The Obama administration faced fresh anger Monday at home and abroad over U.S. spy programs that track phone and Internet messages around the world in the hope of thwarting terrorist threats. But a senior intelligence official said there are no plans to end the secretive surveillance systems.
The programs causing the global uproar were revealed by Edward Snowden, a 29-year-old employee of government contractor Booz Allen Hamilton. Snowden, whose identity was revealed at his own request, has fled to Hong Kong in hopes of escaping criminal charges. Sen. Dianne Feinstein, who heads the Senate Intelligence Committee and supports the surveillance, accused Snowden of committing an "act of treason" and said he should be prosecuted.
Coolly but firmly, officials in Germany and the European Union issued complaints over two National Security Agency programs that target suspicious foreign messages—potentially including phone numbers, e-mail, images, video and other online communications transmitted through U.S. providers. The chief British diplomat felt it necessary to try to assure Parliament that the spy programs do not encroach on U.K. privacy laws.
The programs were revealed last week by The Guardian and The Washington Post newspapers. National Intelligence Director James Clapper has taken the unusual step of declassifying some of the previously top secret details to help the administration mount a public defense of the surveillance as a necessary step to protect Americans.
One of the NSA programs gathers hundreds of millions of U.S. phone records to search for possible links to known terrorist targets abroad. The other allows the government to tap into nine U.S. Internet companies and gather all communications to detect suspicious behavior that begins overseas.
The revelations have reopened the post-Sept. 11, 2001, debate about individual privacy concerns versus heightened measures to protect the U.S. against terrorist attacks.
Some members of Congress said they would take a new look at scaling back the government's authority to broadly sweep up personal communications when such surveillance risks privacy protections.
A senior U.S. intelligence official said there are no plans to scrap the programs that, despite the backlash, continue to receive widespread if cautious support within Congress. The official spoke on condition of anonymity to discuss the sensitive security issue.
Snowden is a former CIA employee who later worked as a contractor for the NSA on behalf of Booz Allen, where he gained access to the surveillance.
In a statement issued Sunday, Booz Allen said Snowden had been an employee for fewer than three months, so it's possible he was working as an NSA contractor when the order was issued.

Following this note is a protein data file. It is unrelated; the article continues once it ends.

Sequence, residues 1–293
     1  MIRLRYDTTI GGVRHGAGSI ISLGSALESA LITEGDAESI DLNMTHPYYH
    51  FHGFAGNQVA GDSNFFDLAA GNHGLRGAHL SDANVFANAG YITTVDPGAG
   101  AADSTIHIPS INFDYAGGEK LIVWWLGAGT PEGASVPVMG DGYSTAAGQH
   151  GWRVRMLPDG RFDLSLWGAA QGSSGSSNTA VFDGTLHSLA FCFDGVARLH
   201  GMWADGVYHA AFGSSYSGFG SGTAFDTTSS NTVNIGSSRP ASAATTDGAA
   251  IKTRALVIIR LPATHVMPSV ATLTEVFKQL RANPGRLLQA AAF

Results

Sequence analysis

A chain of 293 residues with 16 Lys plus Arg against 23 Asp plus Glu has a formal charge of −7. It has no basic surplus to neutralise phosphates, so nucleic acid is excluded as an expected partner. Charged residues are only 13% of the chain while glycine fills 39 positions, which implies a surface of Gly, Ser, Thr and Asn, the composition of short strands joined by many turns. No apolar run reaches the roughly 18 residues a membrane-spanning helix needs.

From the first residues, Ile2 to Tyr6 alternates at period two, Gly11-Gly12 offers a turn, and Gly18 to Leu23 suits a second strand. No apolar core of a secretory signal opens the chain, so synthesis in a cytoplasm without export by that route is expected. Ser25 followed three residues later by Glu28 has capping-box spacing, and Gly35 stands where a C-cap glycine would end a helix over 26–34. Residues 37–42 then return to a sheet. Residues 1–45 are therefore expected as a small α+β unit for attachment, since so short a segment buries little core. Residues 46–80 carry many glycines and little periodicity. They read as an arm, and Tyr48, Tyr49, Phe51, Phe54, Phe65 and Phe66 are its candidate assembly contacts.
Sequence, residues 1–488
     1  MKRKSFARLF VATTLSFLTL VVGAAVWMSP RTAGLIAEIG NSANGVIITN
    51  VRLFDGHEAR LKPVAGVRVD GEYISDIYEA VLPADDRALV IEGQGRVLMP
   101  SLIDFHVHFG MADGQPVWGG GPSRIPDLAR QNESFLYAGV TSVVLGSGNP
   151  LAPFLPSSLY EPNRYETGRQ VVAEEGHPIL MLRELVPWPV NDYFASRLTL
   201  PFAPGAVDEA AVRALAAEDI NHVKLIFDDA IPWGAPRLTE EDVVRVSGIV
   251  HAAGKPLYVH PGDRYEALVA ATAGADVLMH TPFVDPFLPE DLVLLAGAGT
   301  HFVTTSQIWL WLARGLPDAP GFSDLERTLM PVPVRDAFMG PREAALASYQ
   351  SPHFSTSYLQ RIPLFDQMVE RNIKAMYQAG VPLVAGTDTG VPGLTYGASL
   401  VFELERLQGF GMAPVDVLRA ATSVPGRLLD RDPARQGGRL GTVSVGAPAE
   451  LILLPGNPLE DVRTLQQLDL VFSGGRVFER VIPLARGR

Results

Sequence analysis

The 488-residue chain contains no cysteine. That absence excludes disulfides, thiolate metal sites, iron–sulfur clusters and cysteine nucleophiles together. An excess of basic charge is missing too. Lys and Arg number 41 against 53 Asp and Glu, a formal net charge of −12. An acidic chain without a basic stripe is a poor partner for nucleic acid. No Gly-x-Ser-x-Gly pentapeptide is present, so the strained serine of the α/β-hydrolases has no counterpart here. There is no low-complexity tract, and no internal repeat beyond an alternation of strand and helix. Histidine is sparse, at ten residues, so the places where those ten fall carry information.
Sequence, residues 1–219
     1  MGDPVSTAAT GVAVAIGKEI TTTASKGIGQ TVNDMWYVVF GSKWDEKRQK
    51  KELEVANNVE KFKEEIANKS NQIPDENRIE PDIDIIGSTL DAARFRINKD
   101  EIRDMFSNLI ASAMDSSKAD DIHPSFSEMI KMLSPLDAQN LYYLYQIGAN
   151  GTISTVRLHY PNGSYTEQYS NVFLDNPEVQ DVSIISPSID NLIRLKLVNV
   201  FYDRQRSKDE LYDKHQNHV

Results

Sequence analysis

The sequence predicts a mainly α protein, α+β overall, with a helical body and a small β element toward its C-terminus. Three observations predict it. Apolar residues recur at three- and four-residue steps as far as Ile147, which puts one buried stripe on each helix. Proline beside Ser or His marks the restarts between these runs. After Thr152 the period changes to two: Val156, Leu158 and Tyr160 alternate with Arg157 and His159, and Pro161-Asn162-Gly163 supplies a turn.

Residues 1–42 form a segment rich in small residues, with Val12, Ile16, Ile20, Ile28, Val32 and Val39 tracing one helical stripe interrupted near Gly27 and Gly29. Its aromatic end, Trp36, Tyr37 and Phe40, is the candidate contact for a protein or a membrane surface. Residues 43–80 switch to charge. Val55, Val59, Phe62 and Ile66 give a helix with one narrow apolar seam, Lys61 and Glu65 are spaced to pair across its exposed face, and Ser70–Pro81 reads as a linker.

He also gave the Post and the Guardian a PowerPoint presentation on another secret program that collects online usage by the nine Internet providers. The U.S. government says it uses that information only to track foreigners' use overseas.
Believing his role would soon be exposed, Snowden fled last month to Hong Kong, a Chinese territory that enjoys relative autonomy from Beijing. His exact whereabouts were unknown Monday.
Although Hong Kong has an extradition treaty with the U.S., the document has some exceptions, including for crimes deemed political. Any negotiations about his possible handover will involve Beijing, but some analysts believe China is unlikely to want to jeopardize its relationship with Washington over someone it would consider of little political interest.
Snowden also told The Guardian that he may seek asylum in Iceland, which has strong free-speech protections and a tradition of providing a haven for the outspoken and the outcast.
The leak came to light as Army Pfc. Bradley Manning is being tried in military court under federal espionage and computer fraud laws for releasing classified documents to WikiLeaks about the wars in Iraq and Afghanistan, among other items. The most serious charge against him is aiding the enemy, which carries a potential life sentence. But the military operates under a different legal system.
The Obama administration must also now deal with the political and diplomatic fallout of the disclosures. Privacy laws across much of Western Europe are stricter than they are in the United States.
On Tuesday, the European Parliament, through its 27-nation executive arm, will debate the spy programs and whether they have violated local privacy protections. E.U. officials in Brussels pledged to seek answers from U.S. diplomats at a trans-Atlantic ministerial meeting in Dublin that begins Thursday.
"It would be unacceptable and would need swift action from the EU if indeed the U.S. National Security Agency were processing European data without permission," said Guy Verhofstadt, a leader in the Alde group of liberal parties.
Additionally, German government spokesman Steffen Seibert told reporters Monday that Chancellor Angela Merkel would question President Barack Obama about the NSA program when he's in Berlin on June 18 for his first visit to the German capital as president. In Germany, privacy regulations are especially strict, and the NSA programs could tarnish a visit that both sides had hoped would reaffirm strong German-American ties.
In London, British Foreign Secretary William Hague was forced to deny allegations that the U.K. government had used information provided by the Americans to circumvent British laws. "We want the British people to have confidence in the work of our intelligence agencies and in their adherence to the law and democratic values," Hague told Parliament.
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